El Questro, Lake Argyle and Kununurra and into the Northern Territory. Week 18

Monday, Aug 12, 2013 at 21:48

Member-Heather MG NSW

Monday August 5th. El Questro.
An almost 10 kms return walk starting from near the campground and ending at Champagne Springs occupied our morning. It was through a variety of country, firstly along the sandy, rocky river bed of the Pentecost, and shaded early in the morning but very hot on the return. There were three river crossings over shallow running water, where we rock hopped and used tree branches to help support us as we stepped along the slippery and unstable logs. It was a little challenging for me but easier on the return trip! The second half was over rocky terrain, much more exposed and very hot, especially on the return, although there were great views out over the red ranges.


When we arrived at the springs and waterfalls we were able to enjoy them all by ourselves. This was unusual given the crowds at the other places recently, so after having a good look around, we decided to cool off, stripping off to our underwear and sitting on the wet, slippery rocks while the water splashed around and over us. It was lovely, so refreshing, and quite out of character for both of us, so we must have been feeling the heat. I joked about taking photos of us and then putting them on Facebook for our kids to see…our son would have been horrified!
On the return walk, we only saw one other walker, a young man, so it’s not exactly one of the most popular walks in the park, although one I would recommend if you enjoy walking. We didn’t have enough water or food and by the time we returned, a little after midday, I really wished we had packed more!
During the afternoon, John returned to fish at the river while I read and enjoyed a relaxing afternoon in the cool of the awning and fanned by river breezes. We didn’t have fish for dinner….don’t ask!
Tuesday August 6th.
This morning we packed up and, after dropping in the camping tag, and receiving the $10 refund, we drove back to meet the sealed Gibb River Road, where John inflated the Pajero tyres. Our drive to Kununurra was pleasant and on arrival we decided to get the van tyre repaired before checking into the Discovery (Big 4) Tourist park, so we didn’t have to try to fit it into the rear of the Pajero.
Within half an hour, and at a cost of $35, the tyre was back on the rear carrier of the van and we were checking in to this very busy park, joining a lengthy queue in the cramped driveway. A sign out the front advised that there were ‘No Powered Sites’ so I was very glad to have booked ahead, given temperatures already in the low 30’s. At a cost of $38, minus 10% member discount, we think this park is good value. Our site is partially shaded by a large tree and very spacious. There’s a car wash bay which will be useful, and the park is situated on the edge of the lake, with a cooling breeze off the water. Activities involving a small donation which will go to a charity, in return for food, are organised for two of the three nights we will be here, and they are always fun and friendly to attend.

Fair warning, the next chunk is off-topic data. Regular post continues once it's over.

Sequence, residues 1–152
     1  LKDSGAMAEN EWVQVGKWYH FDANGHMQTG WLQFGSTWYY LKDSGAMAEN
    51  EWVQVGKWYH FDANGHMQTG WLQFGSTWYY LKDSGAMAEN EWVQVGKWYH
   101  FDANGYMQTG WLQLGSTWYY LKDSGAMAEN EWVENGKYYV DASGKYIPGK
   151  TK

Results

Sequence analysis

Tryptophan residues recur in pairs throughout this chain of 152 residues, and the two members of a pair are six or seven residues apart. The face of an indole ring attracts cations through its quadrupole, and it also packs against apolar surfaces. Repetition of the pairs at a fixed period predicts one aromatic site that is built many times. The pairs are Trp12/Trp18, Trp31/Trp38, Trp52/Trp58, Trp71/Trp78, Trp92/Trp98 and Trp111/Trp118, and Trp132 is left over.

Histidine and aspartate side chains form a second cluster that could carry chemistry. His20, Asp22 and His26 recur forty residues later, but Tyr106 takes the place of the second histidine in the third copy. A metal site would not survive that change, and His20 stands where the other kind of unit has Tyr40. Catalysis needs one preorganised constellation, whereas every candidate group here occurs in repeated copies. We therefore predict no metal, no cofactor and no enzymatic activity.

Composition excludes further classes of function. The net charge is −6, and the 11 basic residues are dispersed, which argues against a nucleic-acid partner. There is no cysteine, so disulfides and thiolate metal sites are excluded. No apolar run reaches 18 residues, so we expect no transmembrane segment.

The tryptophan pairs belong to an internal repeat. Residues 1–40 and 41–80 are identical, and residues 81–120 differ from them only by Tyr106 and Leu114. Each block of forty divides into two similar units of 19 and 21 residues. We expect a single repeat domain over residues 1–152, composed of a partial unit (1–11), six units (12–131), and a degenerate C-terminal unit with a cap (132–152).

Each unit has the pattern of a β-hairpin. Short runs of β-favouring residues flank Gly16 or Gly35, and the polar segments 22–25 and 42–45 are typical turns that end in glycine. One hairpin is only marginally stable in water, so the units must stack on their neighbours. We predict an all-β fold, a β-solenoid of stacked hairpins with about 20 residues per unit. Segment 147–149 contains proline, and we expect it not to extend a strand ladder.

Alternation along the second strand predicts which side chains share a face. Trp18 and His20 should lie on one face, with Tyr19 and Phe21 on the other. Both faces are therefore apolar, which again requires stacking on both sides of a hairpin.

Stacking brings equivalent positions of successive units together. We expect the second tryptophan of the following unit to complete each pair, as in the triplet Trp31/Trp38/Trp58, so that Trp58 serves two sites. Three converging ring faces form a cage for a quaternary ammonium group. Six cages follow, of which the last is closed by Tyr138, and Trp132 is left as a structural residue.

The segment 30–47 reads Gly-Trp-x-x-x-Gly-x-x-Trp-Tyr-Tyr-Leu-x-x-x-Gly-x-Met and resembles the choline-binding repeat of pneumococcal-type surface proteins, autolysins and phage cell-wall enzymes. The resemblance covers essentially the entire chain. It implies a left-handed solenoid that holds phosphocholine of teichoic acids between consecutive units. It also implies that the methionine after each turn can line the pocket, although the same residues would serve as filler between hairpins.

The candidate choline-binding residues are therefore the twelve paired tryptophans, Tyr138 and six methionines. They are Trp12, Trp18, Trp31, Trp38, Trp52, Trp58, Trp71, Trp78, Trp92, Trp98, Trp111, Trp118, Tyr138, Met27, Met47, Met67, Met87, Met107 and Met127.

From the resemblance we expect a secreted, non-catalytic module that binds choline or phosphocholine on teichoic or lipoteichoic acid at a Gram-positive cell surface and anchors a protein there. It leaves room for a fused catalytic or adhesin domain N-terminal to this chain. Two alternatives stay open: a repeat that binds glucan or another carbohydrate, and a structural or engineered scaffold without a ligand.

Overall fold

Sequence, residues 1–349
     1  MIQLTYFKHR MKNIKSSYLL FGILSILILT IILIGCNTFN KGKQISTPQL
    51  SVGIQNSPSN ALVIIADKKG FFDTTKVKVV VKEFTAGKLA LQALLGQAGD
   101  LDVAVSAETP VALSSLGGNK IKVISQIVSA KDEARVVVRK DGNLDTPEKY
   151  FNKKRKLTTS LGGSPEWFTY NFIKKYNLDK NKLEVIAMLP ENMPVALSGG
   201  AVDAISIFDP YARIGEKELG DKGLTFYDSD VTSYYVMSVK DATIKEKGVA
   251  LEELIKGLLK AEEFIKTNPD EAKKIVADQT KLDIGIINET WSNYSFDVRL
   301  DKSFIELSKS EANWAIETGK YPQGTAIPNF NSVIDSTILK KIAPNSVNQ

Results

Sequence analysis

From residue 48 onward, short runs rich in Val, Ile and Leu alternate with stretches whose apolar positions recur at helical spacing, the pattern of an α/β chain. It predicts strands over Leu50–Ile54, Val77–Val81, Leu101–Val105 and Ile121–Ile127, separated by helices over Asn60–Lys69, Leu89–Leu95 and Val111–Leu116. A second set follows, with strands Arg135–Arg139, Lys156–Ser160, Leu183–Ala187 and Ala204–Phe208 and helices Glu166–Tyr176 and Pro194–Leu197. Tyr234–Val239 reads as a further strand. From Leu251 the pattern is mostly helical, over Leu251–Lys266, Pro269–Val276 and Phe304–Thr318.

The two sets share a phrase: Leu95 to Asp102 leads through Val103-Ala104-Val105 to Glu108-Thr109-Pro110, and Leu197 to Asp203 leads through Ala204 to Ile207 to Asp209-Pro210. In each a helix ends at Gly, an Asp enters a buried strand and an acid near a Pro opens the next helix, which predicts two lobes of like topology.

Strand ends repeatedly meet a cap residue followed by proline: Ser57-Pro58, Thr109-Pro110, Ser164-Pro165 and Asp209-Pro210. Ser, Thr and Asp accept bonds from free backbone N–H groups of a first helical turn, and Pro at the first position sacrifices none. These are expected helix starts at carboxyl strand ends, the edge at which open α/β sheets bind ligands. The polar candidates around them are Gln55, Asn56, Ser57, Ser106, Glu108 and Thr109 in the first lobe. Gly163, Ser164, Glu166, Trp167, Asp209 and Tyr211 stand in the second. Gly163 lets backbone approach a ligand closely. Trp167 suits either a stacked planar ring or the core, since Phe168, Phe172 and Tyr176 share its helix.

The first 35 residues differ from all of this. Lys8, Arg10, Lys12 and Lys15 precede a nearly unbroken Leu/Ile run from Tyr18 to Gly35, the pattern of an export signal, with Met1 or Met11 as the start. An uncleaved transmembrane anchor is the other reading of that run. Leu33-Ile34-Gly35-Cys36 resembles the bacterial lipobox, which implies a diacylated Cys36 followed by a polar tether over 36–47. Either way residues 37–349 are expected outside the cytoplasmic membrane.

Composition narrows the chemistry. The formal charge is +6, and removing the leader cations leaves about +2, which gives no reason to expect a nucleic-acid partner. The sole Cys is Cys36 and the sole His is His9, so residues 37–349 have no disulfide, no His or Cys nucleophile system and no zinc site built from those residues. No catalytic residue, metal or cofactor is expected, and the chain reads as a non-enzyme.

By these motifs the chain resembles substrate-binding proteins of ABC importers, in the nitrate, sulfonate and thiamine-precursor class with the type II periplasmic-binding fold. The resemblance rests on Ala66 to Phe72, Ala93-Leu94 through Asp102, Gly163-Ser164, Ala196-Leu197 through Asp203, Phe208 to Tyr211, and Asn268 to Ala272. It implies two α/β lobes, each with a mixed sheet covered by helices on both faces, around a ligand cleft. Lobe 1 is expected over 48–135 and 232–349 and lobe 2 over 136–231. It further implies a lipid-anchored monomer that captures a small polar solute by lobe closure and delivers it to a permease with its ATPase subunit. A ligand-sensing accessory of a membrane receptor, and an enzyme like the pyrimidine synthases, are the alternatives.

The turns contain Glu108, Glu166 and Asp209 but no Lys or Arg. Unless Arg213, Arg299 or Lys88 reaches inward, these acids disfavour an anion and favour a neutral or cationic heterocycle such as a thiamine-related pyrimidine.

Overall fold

Before we left to find a supermarket, I closed all the curtains and opened the windows wide up, however on our return it was close to 34 degrees indoors so we closed everything and turned on the air con.
During the afternoon we phoned Darwin Mitsubishi to organise a 60,000 km service (Thursday 15th) for the Pajero, and then a caravan park there (Big 4 because we are members) , from Tuesday which will give us 4 nights between Kununurra and there. We will see Litchfield on our way north and Kakadu then areas around Katherine when we start south.
We have also managed to book and pay for a cruise on Lake Argyle on Thursday with the same company we did the Bungles last week. At $100 per head we think it sounds like good value, and we were very happy with our previous tour.
Once the sun disappeared, the evening was pleasantly cool. We received an email from our ‘used to be’ travelling companions to let us know they were in Roma Qld. and that they expect to be home in Sawtell tomorrow night!
During the night my sleep was disturbed by the sounds of fruit bats overhead, then early morning the discordant, very close calls of blue winged kookaburras as they heralded the new day. Not long afterwards, there was the whine of small plane engines warming up at the airport not far away.
Wednesday August 7th
This morning we decided to take a look around Kununurra and drove out to Kelly’s knob to a lookout over the town and surrounding countryside. On the top there was a rather sobering memorial to three young women who lost their lives in a helicopter flight over the Bungles (along with the pilot). It reminded us that we take so many chances doing some of the activities along the trip.
Afterwards we drove to a two places where John fished, the first to Ivanhoe crossing where a permanently flooded causeway is apparently popular with the locals but where there is also reputedly a big estuarine croc, and the second to a river, West of the bridge. Here he landed a barra a few cms short of the legal length and of course, being the honest person he is, it was released back into the water! Bugger! It gave him a hunger however and he is planning on spending a few hours there tomorrow morning before we go on the cruise.
During the afternoon we cleaned the Pajero, John doing the outside at the car wash area, and me the inside front dash and seats. We didn’t want to have it serviced next week in the filthy condition we had managed to get it. It will now have to do until we get home. The van is still in an embarrassingly dirty state however theres little chance it will be washed unless we have rain somewhere!